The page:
Intelligence Bulletin #1

BY Herschel Smith
10 years, 1 month ago

Intelligence bulletin #1 covers the following subjects: [1] Iran’s Quds forces, [2] international war against the CIA, [3] recent combat action in Ramadi, [4] State Department unauthorized absence in the global war on terror, [5] British pullback from Iraq and the Mahdi army, [6] Iranian activities inside Iraq and Israeli concerns, [7] the M-16, [8] speculation on thermobaric weapons inside Iraq, [9] the wounded, and [10] A-10 flyover video.

Iran’s Quds forces

The Quds Force is an arm of the IRGC that carries out operations outside of Iran.  The AP recently reported on Iran’s highly secretive Quds forces being deeply enmeshed within Iraq:

Iran’s secretive Quds Force, accused by the United States of arming Iraqi militants with deadly bomb-making material, has built up an extensive network in the war-torn country, recruiting Iraqis and supporting not only Shiite militias but also Shiites allied with Washington, experts say.

Iran likely does not want a direct confrontation with American troops in Iraq but is backing militiamen to ensure Shiites win any future civil war with Iraqi Sunnis after the Americans leave, several experts said Thursday.

The Quds Force’s role underlines how deeply enmeshed Iran is in its neighbor — and how the U.S. could face resistance even from its allies in Iraq if it tries to uproot Iran’s influence in Iraq.

But as quickly as the connection between the Shi’ite insurgency and Iran is pointed out, the report equivocates, saying “still unclear, however, is how closely Iran’s top leadership is directing the Quds Force’s operations — and whether Iran has intended for its help to Shiite militias to be turned against U.S. forces.”  This line is parroted in a recent Los Angeles Times article on the same subject, as the subtitle reads “Does the government control the Quds Force? Experts aren’t sure.”  Picking up on the same AP report, Newsday says the same thing.

As I discussed in The Covert War with Iran, the deep involvement of the Quds Forces, Badr Brigade and other Iranian personnel assets in Iraq is undeniable.  But it is fashionable to bifurcate the actions of the Quds and Badr Brigade from the “highest levels of government in Iran.”  Even General Peter Pace does this, recently saying after reviewing the intelligence on Iran’s involvement in Iraq, “that does not translate that the Iranian Government per se, for sure, is directly involved in doing this…What it does say is that things made in Iran are being used in Iraq to kill coalition soldiers.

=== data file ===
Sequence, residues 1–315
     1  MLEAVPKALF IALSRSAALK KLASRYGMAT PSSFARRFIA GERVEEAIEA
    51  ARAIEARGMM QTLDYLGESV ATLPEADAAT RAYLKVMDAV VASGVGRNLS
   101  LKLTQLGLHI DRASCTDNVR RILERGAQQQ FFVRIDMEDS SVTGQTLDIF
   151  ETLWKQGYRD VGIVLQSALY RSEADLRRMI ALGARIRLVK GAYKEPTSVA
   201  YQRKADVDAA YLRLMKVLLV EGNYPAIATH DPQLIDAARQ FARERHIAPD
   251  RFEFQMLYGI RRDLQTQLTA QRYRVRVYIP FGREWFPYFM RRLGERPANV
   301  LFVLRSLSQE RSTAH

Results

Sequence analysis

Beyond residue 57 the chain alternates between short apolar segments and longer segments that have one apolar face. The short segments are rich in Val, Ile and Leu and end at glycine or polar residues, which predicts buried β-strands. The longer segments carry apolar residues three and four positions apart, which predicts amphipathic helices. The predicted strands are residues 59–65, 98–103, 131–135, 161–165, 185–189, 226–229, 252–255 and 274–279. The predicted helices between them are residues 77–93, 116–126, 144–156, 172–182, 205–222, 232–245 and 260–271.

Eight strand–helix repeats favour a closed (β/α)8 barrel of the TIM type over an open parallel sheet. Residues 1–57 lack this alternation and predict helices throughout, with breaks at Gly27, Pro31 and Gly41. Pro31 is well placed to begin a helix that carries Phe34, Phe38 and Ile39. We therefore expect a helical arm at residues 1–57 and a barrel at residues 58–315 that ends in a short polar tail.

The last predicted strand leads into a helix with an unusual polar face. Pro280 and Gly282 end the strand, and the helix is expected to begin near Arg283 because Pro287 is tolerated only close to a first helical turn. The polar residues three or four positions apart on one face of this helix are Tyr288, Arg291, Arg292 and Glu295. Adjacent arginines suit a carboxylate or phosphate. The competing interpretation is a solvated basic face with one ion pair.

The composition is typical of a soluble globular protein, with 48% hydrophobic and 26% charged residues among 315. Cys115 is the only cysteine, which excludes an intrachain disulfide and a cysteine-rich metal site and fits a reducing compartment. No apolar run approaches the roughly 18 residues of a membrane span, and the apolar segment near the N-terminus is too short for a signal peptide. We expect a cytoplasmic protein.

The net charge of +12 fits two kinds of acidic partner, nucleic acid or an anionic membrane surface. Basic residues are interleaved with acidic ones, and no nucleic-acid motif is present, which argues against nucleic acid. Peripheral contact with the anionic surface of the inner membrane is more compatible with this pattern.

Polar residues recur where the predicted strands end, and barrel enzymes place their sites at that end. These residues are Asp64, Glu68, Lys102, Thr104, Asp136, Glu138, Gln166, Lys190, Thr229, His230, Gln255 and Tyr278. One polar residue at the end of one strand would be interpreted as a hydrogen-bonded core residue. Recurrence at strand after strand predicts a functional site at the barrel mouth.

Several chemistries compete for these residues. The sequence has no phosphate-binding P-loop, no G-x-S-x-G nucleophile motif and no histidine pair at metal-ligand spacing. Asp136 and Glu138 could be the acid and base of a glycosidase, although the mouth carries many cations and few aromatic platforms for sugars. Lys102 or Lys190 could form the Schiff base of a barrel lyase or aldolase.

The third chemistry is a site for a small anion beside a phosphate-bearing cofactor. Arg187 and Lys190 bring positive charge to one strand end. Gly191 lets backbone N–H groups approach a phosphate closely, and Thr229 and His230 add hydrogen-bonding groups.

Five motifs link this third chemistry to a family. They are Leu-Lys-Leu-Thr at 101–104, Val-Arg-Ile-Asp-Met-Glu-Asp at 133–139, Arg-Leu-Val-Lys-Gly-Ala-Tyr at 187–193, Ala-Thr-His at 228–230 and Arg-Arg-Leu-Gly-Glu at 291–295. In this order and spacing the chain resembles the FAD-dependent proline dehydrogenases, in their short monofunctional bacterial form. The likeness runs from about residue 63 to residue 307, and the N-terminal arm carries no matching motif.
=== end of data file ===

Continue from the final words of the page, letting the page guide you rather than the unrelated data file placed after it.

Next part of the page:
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Koyuavci
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Your wrong on State Department not being in Iraq. While we aren’t here on the level of the Army/Marines, DoS is in country. We move as much as we can and have lost people as well. Maybe you should ask someone or do a bit of research before making accusations.

Member

“Maybe you should ask someone or do a bit of research before making accusations.”

That has got to be the funniest thing I’ve heard all day long. You embarrass yourself, Koyuavci.

lirelou
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As a retired SF type who spent a tour with State, I would caution against gratuitious slights against those State types who are in Iraq. All organizations have a corporate culture, and no two are as diametrically opposed as those of the expeditionary forces and State. (I use expeditionary forces to separate those servicemembers who do “do the hard time” in the sandbox, versus those fellow uniform-wearers of whatever service who manage to homestead outside the sandbox.) State has the very same “two State Departments” mentality. Just like in the military, there are those who seek out the hard tours, those who, while not volunteering, willingly accept hard tours, and those (a majority in State) who do everything they can to avoid hard service, to include resignation if that is their only choice. If you are taking cheap shots at the Staties in Iraq, you are picking on the wrong crowd. Better to direct your anger or disdain elsewhere. Myself, I always saved my nastiest barbs for those fellow combat arms career officers who managed to spend 1965-72 in service without ever setting foot in either Southeast Asia or Korea.

Herschel Smith